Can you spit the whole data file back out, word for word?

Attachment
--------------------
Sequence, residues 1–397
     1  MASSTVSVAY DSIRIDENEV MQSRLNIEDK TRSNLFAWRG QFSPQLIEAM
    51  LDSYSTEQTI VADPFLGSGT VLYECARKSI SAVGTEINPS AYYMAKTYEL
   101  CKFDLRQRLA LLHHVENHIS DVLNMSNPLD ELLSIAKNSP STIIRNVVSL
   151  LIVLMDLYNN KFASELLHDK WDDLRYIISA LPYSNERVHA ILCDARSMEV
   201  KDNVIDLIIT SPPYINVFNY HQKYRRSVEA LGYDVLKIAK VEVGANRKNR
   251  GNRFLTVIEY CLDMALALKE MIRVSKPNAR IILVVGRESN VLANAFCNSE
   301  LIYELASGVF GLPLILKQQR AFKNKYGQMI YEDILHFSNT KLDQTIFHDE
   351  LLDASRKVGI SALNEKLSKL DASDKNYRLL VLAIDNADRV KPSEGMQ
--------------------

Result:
Sequence, residues 1–397
     1  MASSTVSVAY DSIRIDENEV MQSRLNIEDK TRSNLFAWRG QFSPQLIEAM
    51  LDSYSTEQTI VADPFLGSGT VLYECARKSI SAVGTEINPS AYYMAKTYEL
   101  CKFDLRQRLA LLHHVENHIS DVLNMSNPLD ELLSIAKNSP STIIRNVVSL
   151  LIVLMDLYNN KFASELLHDK WDDLRYIISA LPYSNERVHA ILCDARSMEV
   201  KDNVIDLIIT SPPYINVFNY HQKYRRSVEA LGYDVLKIAK VEVGANRKNR
   251  GNRFLTVIEY CLDMALALKE MIRVSKPNAR IILVVGRESN VLANAFCNSE
   301  LIYELASGVF GLPLILKQQR AFKNKYGQMI YEDILHFSNT KLDQTIFHDE
   351  LLDASRKVGI SALNEKLSKL DASDKNYRLL VLAIDNADRV KPSEGMQ